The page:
Actually both $(\sqrt{5} - 1)/2 = 0.6180...$ and its reciprocal $(\sqrt{5} + 1)/2 = 1.6180...$ are called the golden ratio: different people use this term differently! But since they are reciprocals, if the Earth-Venus lobes are related to one they’re related to the other. 8/13 is close to 0.6180… and 13/8 is close to 1.6180…

9. I’m more familiar with the triangle of Venus. :-)

10. “the combination of Venus, Fibonacci numbers, the golden ratio, and a ‘pentagram’ overloads their tiny brains. Some claim the pentagram got its origin from this astronomical phenomenon. I doubt we’ll ever know. Some get excited about the fact that a Latin name for the planet Venus is Lucifer. Lucifer, pentagrams… get it? “

Sounds like the plot for an Eco novel.

• Klaus Schilling says:

Venus may only be called Lucifer (carrier of light) if it is visible (from earth, due to reflecting sunlight) just before sunrise (it is a morning star); whereas, as an evening star, it is named Hespera.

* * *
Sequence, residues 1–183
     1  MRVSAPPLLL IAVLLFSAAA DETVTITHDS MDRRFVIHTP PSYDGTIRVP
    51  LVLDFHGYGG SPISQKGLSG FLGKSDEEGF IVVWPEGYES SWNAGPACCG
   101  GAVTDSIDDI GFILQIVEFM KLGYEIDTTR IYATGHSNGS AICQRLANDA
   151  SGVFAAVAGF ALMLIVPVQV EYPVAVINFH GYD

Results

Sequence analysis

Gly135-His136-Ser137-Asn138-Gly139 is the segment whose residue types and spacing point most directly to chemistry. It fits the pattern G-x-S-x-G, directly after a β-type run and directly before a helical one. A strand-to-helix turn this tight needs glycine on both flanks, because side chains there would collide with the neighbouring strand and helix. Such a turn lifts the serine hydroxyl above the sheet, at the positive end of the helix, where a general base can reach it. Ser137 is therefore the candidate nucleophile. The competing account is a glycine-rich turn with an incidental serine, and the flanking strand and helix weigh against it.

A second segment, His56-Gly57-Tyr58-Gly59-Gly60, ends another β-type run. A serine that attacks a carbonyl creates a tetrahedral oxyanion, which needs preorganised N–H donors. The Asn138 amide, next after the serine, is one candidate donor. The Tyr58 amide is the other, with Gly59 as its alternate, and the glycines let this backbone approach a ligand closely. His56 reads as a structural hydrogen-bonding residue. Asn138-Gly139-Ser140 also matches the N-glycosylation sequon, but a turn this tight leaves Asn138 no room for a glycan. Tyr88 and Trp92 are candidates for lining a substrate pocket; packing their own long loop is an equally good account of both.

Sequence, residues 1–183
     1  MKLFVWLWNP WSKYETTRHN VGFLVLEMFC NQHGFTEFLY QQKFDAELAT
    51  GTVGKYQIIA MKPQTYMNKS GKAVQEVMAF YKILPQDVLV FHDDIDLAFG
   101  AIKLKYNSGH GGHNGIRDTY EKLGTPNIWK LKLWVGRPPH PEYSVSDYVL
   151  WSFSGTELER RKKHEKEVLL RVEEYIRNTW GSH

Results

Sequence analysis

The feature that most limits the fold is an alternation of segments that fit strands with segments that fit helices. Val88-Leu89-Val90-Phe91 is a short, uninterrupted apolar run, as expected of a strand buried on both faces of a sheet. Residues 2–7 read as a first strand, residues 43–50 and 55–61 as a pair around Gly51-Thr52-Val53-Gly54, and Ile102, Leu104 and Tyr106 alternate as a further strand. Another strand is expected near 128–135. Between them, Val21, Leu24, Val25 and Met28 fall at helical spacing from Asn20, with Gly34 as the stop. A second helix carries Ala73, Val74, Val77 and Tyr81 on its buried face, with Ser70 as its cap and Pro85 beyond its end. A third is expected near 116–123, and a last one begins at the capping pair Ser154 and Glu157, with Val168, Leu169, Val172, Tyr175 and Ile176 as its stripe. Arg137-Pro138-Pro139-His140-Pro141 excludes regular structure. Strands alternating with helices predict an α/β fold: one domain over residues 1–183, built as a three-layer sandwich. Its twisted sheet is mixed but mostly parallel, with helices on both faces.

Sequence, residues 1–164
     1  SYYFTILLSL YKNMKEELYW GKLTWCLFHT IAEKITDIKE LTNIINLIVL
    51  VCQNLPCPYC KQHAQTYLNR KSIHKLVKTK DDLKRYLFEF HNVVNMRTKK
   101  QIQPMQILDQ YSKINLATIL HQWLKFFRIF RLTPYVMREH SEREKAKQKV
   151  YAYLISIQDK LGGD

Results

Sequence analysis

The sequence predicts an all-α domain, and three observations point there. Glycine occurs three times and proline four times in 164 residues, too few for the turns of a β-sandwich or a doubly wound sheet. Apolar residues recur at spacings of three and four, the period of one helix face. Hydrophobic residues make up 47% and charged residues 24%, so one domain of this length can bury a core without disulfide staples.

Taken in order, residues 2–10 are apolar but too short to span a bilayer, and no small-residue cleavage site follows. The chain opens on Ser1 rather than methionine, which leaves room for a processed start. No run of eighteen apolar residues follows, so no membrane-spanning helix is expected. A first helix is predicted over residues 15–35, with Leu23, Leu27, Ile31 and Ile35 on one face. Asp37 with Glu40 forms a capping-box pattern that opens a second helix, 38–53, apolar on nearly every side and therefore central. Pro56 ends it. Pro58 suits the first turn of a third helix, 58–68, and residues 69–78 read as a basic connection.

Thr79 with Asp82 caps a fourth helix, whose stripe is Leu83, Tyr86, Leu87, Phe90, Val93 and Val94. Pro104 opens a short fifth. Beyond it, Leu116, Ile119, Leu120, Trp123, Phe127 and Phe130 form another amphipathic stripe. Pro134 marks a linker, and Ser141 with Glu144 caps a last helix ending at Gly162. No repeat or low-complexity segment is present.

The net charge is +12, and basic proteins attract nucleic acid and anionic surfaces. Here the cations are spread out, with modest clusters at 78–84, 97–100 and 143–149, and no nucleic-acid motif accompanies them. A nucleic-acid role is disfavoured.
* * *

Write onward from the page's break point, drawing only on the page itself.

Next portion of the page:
11. James Gyre says:

EXCELLENT WORK here.

I’m James Gyre, I run the Naked Geometry page on facebook and I’m always trying to bring lucidity and critical eyes to geometry claims from kind but gullible people.

Well done, totally sharing with my followers. I’m a fan.

12. Craig says:

What hurts my brain is how IO and GANYMEDE have a 4:1 resonance and meet up a three points in their orbit. I mean, “4” makes me think of $\Box$ not $\bigtriangleup$ . I mean, I get it, I can grasp the math, but I still sets off a buzzing in my brain to get a triangle from anything associated with the number 4. I just think of the number 12 to stop the buzzing.